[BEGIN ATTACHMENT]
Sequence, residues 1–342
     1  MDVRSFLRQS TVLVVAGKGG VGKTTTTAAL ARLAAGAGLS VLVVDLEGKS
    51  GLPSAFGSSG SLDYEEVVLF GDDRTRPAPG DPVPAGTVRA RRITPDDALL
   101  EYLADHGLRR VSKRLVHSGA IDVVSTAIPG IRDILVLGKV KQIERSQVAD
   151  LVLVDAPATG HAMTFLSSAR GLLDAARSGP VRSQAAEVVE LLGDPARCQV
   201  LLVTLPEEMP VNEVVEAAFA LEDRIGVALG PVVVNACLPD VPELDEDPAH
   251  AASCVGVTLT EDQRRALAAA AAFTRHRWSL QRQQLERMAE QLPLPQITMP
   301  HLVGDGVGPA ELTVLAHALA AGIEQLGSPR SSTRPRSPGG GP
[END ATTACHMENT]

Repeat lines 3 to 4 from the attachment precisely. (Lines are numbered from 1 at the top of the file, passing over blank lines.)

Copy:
    51  GLPSAFGSSG SLDYEEVVLF GDDRTRPAPG DPVPAGTVRA RRITPDDALL
   101  EYLADHGLRR VSKRLVHSGA IDVVSTAIPG IRDILVLGKV KQIERSQVAD